Friction over disclosure of fracking fluids leads to bill


WASHINGTON — Rep. Diana DeGette says she is not opposed to hydraulic fracturing, or “fracking” — a process used by companies to extract natural gas from deep inside the earth.

DeGette just wants the companies to be transparent about what they put in fracking fluids, and she wants oil and gas companies to have to comply with the Safe Drinking Water Act.

The Denver Democrat, along with Rep. Jared Polis, a Boulder Democrat, has introduced legislation that would require oil and gas companies to disclose what’s in fracking fluids.

The bill would also put the companies — now exempt from the Drinking Water Act — back under the regulatory eye of the Environmental Protection Agency.

“(Oil and gas companies) say there is nothing harmful in the fracking fluids,” DeGette said. “That’s fine. At the very least, disclose what they are.”

In the past, companies have used diesel fuel and possibly other harmful chemicals in the fracking process, according to a House investigation that looked at records in 19 states between 2005 and 2009.

Industry officials say they do not oppose fracking fluid disclosure on its merit, but “there is profound skepticism in federal involvement in this disclosure,” said Michael McKenna, an oil and gas lobbyist and Republican strategist.

Companies view a federal requirement as onerous because it would be on top of already-existing multiple layers of state regulations, he said.

“Let’s not have the federal government involved,” he said. “It slows the process down to a crawl and it increases costs and it leads to a lot of unhappiness.”

Plus, McKenna points out the EPA already has the authority to know whether the companies use diesel fuel in the fracking process.

Parsing what happens during hydraulic fracturing has gained prominence politically due, in part, to increased drilling in New York and Pennsylvania; the popularity of the documentary “Gasland”; and a push from the environmental community to make consistent a patchwork of regulations in states where natural gas mining is booming.

Interior Secretary Ken Salazar earlier this year moved to more closely regulate fracking fluids on gas mining on U.S. Bureau of Land Management land.

The issue faces a battle in the GOP-controlled House, where DeGette and Polis will probably confront two fellow Colorado delegation members, Republican Reps. Cory Gardner and Doug Lamborn, who oppose the federal government telling states how to regulate the practice.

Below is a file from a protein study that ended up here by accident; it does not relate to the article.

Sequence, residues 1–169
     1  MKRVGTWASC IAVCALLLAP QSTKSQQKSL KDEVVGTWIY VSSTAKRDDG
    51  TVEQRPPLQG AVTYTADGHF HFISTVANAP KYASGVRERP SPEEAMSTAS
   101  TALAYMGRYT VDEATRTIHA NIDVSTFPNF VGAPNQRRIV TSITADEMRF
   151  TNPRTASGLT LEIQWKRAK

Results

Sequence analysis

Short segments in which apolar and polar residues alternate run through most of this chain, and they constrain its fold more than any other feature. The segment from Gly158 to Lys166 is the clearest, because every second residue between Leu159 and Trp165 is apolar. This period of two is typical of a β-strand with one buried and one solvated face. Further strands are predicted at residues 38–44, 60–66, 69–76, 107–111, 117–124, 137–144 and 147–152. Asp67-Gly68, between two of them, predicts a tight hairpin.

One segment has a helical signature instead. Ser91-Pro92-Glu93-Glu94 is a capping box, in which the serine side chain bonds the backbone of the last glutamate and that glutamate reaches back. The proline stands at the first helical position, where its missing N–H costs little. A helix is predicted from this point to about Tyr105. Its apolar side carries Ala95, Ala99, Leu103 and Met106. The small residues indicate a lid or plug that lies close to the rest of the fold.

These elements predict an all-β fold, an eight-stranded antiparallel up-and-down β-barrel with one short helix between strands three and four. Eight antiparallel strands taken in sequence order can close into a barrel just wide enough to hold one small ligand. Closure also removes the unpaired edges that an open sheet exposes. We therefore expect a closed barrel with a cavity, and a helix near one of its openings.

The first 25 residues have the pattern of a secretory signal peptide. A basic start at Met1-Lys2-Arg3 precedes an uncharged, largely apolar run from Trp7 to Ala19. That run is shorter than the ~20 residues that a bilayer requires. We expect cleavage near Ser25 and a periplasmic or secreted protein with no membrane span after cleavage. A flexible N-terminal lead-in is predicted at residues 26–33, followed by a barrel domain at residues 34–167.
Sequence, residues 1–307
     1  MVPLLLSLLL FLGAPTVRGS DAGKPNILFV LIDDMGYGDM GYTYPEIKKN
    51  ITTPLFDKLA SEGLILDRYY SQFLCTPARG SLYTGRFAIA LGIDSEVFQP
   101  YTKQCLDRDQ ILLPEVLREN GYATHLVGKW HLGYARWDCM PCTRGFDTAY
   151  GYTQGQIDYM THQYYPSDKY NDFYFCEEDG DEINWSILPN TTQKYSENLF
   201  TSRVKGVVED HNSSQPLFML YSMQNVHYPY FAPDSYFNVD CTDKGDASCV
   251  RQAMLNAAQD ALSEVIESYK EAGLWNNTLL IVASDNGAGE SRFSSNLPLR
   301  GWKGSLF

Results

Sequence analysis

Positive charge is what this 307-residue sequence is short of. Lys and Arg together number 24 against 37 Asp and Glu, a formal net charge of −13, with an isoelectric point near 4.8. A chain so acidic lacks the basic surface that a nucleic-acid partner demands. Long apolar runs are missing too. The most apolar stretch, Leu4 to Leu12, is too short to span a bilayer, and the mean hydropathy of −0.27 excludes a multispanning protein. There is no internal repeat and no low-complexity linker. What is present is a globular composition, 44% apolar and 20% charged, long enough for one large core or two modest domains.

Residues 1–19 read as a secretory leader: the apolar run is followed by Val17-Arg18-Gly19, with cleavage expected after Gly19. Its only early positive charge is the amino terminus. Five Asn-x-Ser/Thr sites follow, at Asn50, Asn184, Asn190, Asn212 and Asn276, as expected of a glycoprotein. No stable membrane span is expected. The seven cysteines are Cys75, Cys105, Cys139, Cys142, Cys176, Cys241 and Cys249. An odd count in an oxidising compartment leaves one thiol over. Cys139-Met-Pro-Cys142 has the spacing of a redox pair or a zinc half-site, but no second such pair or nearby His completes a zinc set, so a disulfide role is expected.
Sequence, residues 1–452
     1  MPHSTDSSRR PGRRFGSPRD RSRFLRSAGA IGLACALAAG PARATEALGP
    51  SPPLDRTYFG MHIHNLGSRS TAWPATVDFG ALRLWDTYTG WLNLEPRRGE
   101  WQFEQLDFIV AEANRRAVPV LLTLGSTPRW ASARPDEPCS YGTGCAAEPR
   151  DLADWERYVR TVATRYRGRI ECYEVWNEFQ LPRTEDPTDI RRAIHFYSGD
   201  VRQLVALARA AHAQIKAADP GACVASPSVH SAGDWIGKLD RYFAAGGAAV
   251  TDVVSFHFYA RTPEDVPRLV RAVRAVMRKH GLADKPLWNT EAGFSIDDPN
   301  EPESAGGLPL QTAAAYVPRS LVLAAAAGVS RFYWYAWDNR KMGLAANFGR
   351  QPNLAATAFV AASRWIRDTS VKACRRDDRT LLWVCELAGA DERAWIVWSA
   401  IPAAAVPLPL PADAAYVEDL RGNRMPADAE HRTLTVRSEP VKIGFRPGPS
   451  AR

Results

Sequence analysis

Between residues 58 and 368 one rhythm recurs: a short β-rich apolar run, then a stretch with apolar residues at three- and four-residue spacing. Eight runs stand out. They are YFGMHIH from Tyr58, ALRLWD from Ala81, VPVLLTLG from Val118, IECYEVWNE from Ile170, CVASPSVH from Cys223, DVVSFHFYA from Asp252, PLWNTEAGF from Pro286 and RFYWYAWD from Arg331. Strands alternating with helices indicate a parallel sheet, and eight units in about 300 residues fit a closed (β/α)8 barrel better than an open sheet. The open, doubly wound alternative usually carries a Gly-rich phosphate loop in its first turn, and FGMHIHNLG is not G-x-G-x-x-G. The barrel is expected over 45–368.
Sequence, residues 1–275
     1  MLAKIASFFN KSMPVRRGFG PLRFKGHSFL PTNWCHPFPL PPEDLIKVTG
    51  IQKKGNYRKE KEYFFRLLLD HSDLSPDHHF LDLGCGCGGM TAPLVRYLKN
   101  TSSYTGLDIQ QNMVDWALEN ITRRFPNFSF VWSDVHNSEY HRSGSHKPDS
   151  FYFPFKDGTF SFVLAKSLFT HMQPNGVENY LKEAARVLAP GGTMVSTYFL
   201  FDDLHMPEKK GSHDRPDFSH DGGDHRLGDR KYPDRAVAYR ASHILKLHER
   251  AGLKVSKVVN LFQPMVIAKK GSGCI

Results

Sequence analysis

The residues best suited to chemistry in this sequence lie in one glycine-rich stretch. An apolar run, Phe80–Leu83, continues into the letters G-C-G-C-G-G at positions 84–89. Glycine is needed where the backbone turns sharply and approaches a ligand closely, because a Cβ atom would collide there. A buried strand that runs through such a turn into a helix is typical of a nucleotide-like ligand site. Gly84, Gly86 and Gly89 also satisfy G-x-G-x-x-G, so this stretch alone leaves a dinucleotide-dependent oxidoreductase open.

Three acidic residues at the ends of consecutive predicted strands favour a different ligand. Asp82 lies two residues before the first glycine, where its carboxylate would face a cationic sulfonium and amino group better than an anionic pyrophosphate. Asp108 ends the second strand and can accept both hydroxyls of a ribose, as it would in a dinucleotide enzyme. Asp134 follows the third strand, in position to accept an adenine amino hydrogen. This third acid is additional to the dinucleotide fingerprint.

“I don’t think we need a federal bureaucracy piled atop of state regulations at this time; states are doing a very good job,” said Lamborn, a member of the natural gas caucus. “If we make it more difficult and costly and time consuming to bring energy to the market, it doesn’t help our economy.”

Worrisome to environmentalists and some residents who live near gas wells is whether the fluids used in fracturing seep into drinking water, even though that has not been proved in most water-well investigations.

In Colorado, rules were updated in 2008 to require a cement bond log to be run on all casing so that aquifers would be protected, said Dave Neslin, director of the Colorado Oil and Gas Conservation Commission.

Neslin also says his commission requires companies to disclose what is in fracking fluids, if they are asked.

“We investigated a lot of water-well complaints this year — people who believe their water well has been contaminated,” Neslin said. “In each instance it’s been something like fluids leaking from a pit or a leak in a pipe. It has not involved hydraulic fracturing.”

Colorado led the country in taking a tougher approach to fracking, Neslin said, and several states, including Wyoming, have followed suit. Wyoming took it a step further than Colorado, requiring companies to publicly disclose what is in frack fluids.

That is not good enough for DeGette and Polis. They say that aquifers do not know state boundaries and that people living next to gas wells should feel that their water is safe, regardless of their ZIP code.

“We’re looking at providing a baseline for public safety,” Polis said. “We don’t think residents anywhere should have to worry about it.”

Neslin is hesitant to support the new legislation because he is concerned it will add additional work to already- strapped state staffers.

“It could have an ironic effect of limiting our current application of other environmental regulations — (work that) helps protect the environment,” Neslin said.

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Stuart H. Smith is an attorney based in New Orleans fighting major oil companies and other polluters.
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